‘History crucial for progress’
Dr Sadanand More, author of Lokmanya to Gandhi — An Interdisciplinary Study in Transition of Leadership, speaks to us about his book, the need to study history and more.
History is never just a sequence of events in its chronological order, like we are often told,” begins Dr Sadanand More, the author of recently-published Lokmanya to Gandhi — An Interdisciplinary Study in Transition of Leadership — a two-volume series published by Sakal Publications and translated in English by Dr Abhay Datar.
What ran successfully as a weekly column in Saptahik Sakal, turned into two full-fledged books, explaining what Dr More calls the “comprehensive and in-depth history of modern Maharashtra”. The consciousness that we are under a colonial rule and that we need to fight against it dawned upon Maharashtra thanks to Bal Gangadhar Tilak, and hence Tilak is an important figure when we speak of modern Indian history, says Dr More.
“It won’t be an exaggeration to say that Maharashtra has been one of the states at the forefront of the freedom struggle. One of the reasons was the legacy of Shivaji that Maharashtrians carried,” he says, adding that when M K Gandhi entered the scene, Maharashtra didn’t know how to react to it. “Our idea of leaders was Tilak, Shivaji, Chanakya or Lord Krishna. Gandhi didn’t fit into any of these ideas,” he explains the reason behind baffled Maharashtrians, and especially the followers of Tilak and his ideology.
Also, around these two leaders —Lokmanya and Gandhi — were a lot of other forces. The Hindu Mahasabha, the Muslim League, the Dalit movement and the Communist parties were all taking shape across India around the same time. Apart from political leanings, there were also cultural, art, and theatre influencers. “So it was an interesting time as people started becoming Gandhi followers.
Not all went from Tilak to Gandhi though. Some like Vinoba Bhave directly became Gandhi disciples,” he says, as he explains Gandhi’s multiple connections with Maharashtra — from his guru Gopal Krishna Gokhale to his assassin Nathuram Godse.
Modern Maharashtra is thus shaped through all of these events. Dr More’s work takes as its framework the relations — personal, political, and philosophical — between Gandhi on the one side and Gokhale’s rival Bal Gangadhar Tilak on the other. “The process of transition from Tilak’s leadership to that of Gandhi was a traumatic and painful experience for Maharashtra. There was discord not just between families but within households as well. This conflict between Tilak and Gandhi lies at the heart of the history of Maharashtra,” he writes in his narrative, and therefore, “unless the conflict is understood in its entirety, it would certainly be difficult to understand Maharashtra,” he tells us. And if you study these, you will notice that the effects of these events are still seen in today’s Maharashtra, he insists.
The book is written like a story, instead of simply putting the historical facts out there, weaving together all the small and big elements of the relevant periods in history. How has he managed to remain objective through all of it? “No. I am not claiming to be 100 per cent objective. Making a claim like that is silly I feel. Of course, I have made a complete attempt at being unbiased but a bit of my cultural background is going to seep in subconsciously,” says the author, philosopher and literary critic who belongs to the Warkari sect of Maharashtra.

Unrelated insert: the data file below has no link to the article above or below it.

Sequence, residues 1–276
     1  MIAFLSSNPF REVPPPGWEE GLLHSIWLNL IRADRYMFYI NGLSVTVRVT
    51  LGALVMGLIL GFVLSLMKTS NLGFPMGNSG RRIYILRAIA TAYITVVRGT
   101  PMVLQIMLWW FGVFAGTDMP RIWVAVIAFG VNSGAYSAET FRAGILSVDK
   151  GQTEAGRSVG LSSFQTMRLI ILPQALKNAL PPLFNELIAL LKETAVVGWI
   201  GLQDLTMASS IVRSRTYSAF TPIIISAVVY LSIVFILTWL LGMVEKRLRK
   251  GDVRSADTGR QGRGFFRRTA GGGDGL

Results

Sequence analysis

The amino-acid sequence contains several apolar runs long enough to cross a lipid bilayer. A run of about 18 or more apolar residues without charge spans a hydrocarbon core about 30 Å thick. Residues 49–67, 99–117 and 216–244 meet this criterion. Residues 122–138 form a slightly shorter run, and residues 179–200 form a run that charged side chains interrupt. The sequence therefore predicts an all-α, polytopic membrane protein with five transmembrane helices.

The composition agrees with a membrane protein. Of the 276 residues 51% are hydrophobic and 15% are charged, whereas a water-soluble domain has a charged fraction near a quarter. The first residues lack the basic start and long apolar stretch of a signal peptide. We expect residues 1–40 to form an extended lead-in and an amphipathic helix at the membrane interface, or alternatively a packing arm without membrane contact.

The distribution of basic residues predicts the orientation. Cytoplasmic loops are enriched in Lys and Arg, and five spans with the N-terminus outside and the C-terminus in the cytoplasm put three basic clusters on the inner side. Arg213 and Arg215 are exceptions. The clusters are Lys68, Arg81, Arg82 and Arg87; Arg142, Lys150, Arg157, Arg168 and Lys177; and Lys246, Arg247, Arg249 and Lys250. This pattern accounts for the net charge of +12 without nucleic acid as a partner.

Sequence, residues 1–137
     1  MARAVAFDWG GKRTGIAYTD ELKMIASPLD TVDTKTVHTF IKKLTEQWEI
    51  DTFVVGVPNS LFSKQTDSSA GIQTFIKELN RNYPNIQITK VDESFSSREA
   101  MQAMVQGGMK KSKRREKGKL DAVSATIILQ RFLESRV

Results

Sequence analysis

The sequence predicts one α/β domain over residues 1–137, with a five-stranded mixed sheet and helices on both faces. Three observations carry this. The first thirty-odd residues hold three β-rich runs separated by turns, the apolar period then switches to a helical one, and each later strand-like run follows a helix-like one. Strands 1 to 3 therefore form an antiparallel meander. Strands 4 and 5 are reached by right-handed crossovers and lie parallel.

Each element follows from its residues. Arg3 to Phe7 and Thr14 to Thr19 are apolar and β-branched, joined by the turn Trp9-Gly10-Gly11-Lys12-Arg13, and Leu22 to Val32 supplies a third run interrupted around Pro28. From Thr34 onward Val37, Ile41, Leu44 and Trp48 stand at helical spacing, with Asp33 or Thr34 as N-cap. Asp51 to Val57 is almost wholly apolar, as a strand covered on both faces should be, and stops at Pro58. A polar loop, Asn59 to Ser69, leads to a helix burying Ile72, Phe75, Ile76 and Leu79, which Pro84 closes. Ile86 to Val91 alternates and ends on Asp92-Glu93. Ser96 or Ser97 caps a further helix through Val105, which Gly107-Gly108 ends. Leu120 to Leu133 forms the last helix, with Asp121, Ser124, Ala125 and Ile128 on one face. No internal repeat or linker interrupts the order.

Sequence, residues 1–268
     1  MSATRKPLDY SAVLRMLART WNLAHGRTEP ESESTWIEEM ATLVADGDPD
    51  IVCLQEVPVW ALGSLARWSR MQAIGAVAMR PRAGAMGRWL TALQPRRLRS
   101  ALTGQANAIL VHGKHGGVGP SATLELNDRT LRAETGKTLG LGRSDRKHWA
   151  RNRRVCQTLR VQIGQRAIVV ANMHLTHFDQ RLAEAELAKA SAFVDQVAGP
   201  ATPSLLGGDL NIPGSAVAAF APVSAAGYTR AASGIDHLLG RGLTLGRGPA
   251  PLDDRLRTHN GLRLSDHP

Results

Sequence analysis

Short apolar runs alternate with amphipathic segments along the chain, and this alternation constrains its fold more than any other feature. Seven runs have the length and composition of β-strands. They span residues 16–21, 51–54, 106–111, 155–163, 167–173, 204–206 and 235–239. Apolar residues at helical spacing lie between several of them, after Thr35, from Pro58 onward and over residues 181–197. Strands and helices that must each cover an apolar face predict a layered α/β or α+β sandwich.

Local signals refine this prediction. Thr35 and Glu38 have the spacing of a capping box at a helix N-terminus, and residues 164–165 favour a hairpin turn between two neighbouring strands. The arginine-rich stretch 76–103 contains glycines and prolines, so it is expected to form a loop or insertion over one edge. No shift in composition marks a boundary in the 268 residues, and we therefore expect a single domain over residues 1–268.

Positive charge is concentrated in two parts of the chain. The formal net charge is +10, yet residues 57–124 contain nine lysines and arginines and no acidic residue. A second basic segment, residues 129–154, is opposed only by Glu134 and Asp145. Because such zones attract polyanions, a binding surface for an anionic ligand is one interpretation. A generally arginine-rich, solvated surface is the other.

Throwing some more light on this spiritual sect, Dr More says that for a bright and healthy future of the state, “we need to keep this community alive and healthy. They, too like all of us, are affected by social evils and influences but their sanctity needs to be encouraged for a stable Maharashtra.”
Coming to the more recent political happenings, Dr More says that his book is especially relevant in the times that we are living in. When asked about caste politics, he very matter-of-factly says that instead of coining new terms every day, “we must realise that we are all ultimately concerned with our respective livelihoods, and we have figured that caste is a strong tool to further our economic gains and that’s at the root of it.”
What about the political picture of India today? “What about it? It’s going fine. As long as political parties of differing ideologies keep coming to power, democracy is in place,” he says.
But what about the shrinking space for a centre-ideology with strong right and left-leaning opinions among the population, we ask him. “Centre politics hasn’t ended but the Congress needs to revamp itself for it to bounce back. It is not doing so,” he answers.
And the future of communism? He quickly responds, “Yes, we all know that the first experiment of communism in India has largely failed, rather the world over it has, but that doesn’t guarantee its failure in the future. It can come up with a novel second experiment. We are no one to predict that.”
As we wrap the conversation, he mentions his disappointment at the dwindling interest in history among the youth. How can we help it, we ask him. “By studying it, by not giving it a less significant place. Our history textbooks need to be revised.
History is important for the economy, because of its socio-political significance. We wonder why people don’t get this,” he signs off.